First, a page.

Above: Composer Ian Grandage. Featured image: Group shot of the Sydney Chamber Choir. Pic by Keith Saunders.
The title of this concert suggests we are to be entertained by the talents of the Sydney Chamber Choir with historical works based on religious texts from the Christian tradition.
That was very much the case as guest conductor Jonathan Grieves-Smith guided the choir and string players from the Orchestra of the Antipodes through interpretations of Handel and Bach. These performances were both sensitive and strong.
In an impressive juxtaposition however, the choir’s reputation for versatility continued to be demonstrated with the presentation at the programme’s centre of stunning and innovative contemporary works receiving Australian or world premiere performances.
The first of these modern works was Prayer (2011) by Latvian composer Peteris Vasks. Using the prayers of Mother Teresa for us to see, hear and love humans as God wishes, Vask’s creation is a single movement work at times quite hushed but with substantial impact.
Grieves-Smith succeeded in preserving the composer’s unique and subtle complexities. The Sydney Chamber Choir worked well with the Orchestra of the Antipodes strings to deliver seamless and unified arcs of sound along with the thought-provoking English text.
This work was suitably prefaced by J.S Bach’s cantata Christ Lag in Todes Banden (1707). Its verses set a text by Martin Luther celebrating the life and sacrifice of Christ conquering sin and spiritual death in our world.
The realisation of this early sacred cantata was crisp and fluid in its narrative and elaboration. The interpretation enabled a gentle simplicity, clarity and warmth of expression.
Supported well by the Orchestra of the Antipodes’ strings and organ without the brass of Bach’s original score, the work’s verses for a single voice part were sung by all members of that part of the choir rather than a soloist. This both introduced us to the fine sections of the choir and emphasised congregational or community concerns.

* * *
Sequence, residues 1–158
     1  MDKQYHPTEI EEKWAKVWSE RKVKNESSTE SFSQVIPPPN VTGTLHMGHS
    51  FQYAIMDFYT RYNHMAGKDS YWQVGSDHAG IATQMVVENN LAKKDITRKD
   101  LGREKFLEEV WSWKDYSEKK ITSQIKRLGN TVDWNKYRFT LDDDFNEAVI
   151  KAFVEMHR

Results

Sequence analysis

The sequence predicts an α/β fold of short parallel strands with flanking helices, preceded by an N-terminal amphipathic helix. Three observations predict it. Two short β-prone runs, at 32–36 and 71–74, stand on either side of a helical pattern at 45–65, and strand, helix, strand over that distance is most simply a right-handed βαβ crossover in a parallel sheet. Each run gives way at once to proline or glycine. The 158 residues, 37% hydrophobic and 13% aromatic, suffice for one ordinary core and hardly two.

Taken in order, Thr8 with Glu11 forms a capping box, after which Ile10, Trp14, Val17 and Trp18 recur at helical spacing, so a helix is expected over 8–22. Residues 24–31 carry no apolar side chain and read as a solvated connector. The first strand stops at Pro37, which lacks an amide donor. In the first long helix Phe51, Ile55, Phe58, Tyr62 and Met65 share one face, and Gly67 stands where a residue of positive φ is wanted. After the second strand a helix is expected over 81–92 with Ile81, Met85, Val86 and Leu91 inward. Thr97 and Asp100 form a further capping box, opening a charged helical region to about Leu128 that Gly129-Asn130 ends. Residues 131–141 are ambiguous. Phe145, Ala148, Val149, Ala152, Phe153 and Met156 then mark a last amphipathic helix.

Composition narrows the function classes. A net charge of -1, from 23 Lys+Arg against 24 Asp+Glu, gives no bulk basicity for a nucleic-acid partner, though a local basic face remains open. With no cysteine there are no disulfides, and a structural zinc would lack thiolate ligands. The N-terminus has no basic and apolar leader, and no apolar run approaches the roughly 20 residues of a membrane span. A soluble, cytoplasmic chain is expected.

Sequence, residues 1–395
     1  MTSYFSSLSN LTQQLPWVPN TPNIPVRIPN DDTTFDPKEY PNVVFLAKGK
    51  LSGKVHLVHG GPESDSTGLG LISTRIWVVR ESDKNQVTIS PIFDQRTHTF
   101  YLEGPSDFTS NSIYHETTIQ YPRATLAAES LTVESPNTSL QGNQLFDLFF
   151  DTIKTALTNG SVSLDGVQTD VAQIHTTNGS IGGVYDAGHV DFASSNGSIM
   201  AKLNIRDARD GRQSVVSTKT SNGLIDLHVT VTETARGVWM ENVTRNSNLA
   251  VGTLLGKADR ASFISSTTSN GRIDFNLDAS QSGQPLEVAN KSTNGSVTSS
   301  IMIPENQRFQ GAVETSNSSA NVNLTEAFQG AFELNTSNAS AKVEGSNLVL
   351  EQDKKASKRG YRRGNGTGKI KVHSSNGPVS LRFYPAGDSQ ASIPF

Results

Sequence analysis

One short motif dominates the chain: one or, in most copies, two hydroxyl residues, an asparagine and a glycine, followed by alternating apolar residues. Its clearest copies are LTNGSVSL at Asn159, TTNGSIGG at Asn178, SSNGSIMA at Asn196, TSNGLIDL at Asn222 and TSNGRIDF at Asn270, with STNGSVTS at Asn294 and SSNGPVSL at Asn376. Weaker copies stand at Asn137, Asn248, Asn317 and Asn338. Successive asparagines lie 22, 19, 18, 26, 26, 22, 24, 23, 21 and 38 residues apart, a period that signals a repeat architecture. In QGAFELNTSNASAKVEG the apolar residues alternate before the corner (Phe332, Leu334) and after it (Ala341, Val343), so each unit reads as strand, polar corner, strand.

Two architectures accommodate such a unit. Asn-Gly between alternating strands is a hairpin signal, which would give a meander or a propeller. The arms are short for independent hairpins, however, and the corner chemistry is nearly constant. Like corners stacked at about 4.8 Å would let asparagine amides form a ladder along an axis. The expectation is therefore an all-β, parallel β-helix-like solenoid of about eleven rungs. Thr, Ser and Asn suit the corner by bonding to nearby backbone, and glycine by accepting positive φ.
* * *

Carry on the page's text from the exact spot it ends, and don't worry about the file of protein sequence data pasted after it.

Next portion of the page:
Handel’s challenging choral setting of the Dixit Dominus text brought this concert of the same name to a spirited, well-articulated and energetic close. There was excellent diction from the choir in spite of the hectic nature of much of Handel’s score.
In terms of music history this programming returned us to 1707 to complete the concert, but now to Rome and the compositional ambitions of Handel rather than Bach as the concept of the Resurrection conquering death was reiterated.
The Orchestra of the Antipodes contributed to this work’s spectacular filigree via sparkling doubling of vocal parts. The continuo organ and cello supplied a rich tapestry upon which choir members were showcased as they sang arias and duets.
Choral entries during the soprano duet De torrente in via bibet were well balanced, evocative and sympathetic behind the single voices. Moments for soloists from the choir’s ranks during choruses were smoothly and successfully managed.
In the current funding climate for the arts, the inclusion of a work commissioned by the public in any concert is a particular thrill. This event was made even more special by the inclusion of a commission work in world premiere. Australian composer Ian Grandage’s work Why Do We Exist (2016) preceded the Dixit Dominus with another spiritual musing, this time on our place in nature.
The assembled musicians brought the beautiful and effective soundscape to life. The choir embraced the chance to imitate birds and create the sounds of nature. Once again, Jonathan Grieve’s Smith’s attention to detail and harnessing of voices and instruments to present measured sections of quiet utterance was a masterful and mindful use of resources.
The Sydney Chamber Choir is next conducted by Richard Gill in a presentation of Haydn’s Nelson Mass at the City Recital Hall on October 1.